Take the 2-minute tour ×
Stack Overflow is a question and answer site for professional and enthusiast programmers. It's 100% free, no registration required.

In Python you can use StringIO for a file-like buffer for character data. Memory-mapped file basically does similar thing for binary data, but it requires a file that is used as the basis. Does Python have a file object that is intended for binary data and is memory only, equivalent to Java's ByteArrayOutputStream?

The use-case I have is I want to create a ZIP file in memory, and ZipFile requires a file-like object.

share|improve this question
add comment

3 Answers

up vote 27 down vote accepted

You are probably looking for io.BytesIO class. It works exactly like StringIO except that it supports binary data:

from io import BytesIO
bio = BytesIO(b"some initial binary data: \x00\x01")

StringIO will throw TypeError:

from io import StringIO
sio = StringIO(b"some initial binary data: \x00\x01")
share|improve this answer
    
Thank you! I've been searching for a long time and could only find people mentioning StringIO, but this BytesIO is exactly what I'm looking for. –  Chad Jun 10 '12 at 21:12
    
This should be the top rated answer. –  Cacovsky Jul 1 '13 at 19:36
add comment

As long as you don't try to put any unicode data into your StringIO and you are careful NOT to use cStringIO you should be fine.

According to the StringIO documentation, as long as you keep to either unicode or 8-bits everything works as expected. Presumably, StringIO does something special when someone does a f.write(u"asdf") (which ZipFile does not do, to my knowledge). Anyway;

import zipfile
import StringIO

s = StringIO.StringIO()
z = zipfile.ZipFile(s, "w")
z.write("test.txt")
z.close()
f = file("x.zip", "w")
f.write(s.getvalue())
s.close()
f.close()

works just as expected, and there's no difference between the file in the resulting archive and the original file.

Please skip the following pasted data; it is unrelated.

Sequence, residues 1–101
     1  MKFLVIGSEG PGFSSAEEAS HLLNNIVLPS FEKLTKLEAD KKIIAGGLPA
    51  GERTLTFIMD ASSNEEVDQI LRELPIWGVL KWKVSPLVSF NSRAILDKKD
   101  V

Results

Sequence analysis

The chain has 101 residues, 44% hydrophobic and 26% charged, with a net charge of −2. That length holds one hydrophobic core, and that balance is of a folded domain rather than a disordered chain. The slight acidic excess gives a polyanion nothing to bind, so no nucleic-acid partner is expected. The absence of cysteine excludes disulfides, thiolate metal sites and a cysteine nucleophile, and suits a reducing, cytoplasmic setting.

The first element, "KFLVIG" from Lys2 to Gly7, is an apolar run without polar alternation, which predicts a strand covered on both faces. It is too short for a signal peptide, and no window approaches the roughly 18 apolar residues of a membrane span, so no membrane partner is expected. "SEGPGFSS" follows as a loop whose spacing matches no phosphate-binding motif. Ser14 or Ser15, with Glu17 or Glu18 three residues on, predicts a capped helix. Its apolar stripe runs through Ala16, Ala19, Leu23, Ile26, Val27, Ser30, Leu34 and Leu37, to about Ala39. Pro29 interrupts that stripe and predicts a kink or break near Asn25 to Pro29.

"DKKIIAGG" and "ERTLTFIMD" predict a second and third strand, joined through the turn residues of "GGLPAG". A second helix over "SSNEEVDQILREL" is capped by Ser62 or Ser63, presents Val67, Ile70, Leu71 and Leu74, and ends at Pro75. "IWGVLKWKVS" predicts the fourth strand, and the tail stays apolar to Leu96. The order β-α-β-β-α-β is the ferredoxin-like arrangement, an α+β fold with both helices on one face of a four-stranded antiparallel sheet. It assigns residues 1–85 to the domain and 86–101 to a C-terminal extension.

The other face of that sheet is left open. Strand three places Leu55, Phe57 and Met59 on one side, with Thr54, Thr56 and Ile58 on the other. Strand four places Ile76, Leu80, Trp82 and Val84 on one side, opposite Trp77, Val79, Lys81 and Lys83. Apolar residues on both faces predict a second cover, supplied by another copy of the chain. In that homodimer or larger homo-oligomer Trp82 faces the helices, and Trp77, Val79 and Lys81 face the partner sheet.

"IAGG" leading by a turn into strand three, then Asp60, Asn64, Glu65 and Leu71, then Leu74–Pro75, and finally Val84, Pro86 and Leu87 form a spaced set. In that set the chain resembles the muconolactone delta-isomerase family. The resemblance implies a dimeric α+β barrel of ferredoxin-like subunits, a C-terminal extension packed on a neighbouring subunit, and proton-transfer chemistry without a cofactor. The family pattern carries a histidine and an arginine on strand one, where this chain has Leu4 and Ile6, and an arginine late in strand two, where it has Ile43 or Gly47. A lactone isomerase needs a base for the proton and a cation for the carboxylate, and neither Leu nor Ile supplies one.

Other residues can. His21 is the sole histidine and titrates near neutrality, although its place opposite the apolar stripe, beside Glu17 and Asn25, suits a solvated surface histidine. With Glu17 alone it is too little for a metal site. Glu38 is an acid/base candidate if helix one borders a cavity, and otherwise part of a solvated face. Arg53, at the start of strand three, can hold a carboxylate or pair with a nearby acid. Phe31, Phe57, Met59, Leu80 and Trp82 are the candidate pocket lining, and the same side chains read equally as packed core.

If you know of a particular case where this approach does not work, I'd be most interested to hear about it :)

share|improve this answer
    
why does cStringIO not work here? –  Kekito May 10 '11 at 20:59
    
It should work in most cases. I can't remember what I thought some 3 years back, but one reason would be the input to the write() method works slightly different (depending type of input) between the two versions, and I didn't want to rely on internal behavior in zipfile. –  Henrik Gustafsson May 11 '11 at 20:46
add comment

Look at the struct package: http://docs.python.org/lib/module-struct.html, it allows you to interpret strings as packed binary data.

Not sure if this will completely answer your question but you can use struct.unpack() to convert binary data to python objects.


import struct
f = open(filename, "rb")
s = f.read(8)
x, y = struct.unpack(">hl", s)

int this example, the ">" tells to read big-endian the "h" reads a 2-byte short, and the "l" is for a 4-byte long. you can obviously change these to whatever you need to read out of the binary data...

share|improve this answer
add comment

Your Answer

 
discard

By posting your answer, you agree to the privacy policy and terms of service.

Not the answer you're looking for? Browse other questions tagged or ask your own question.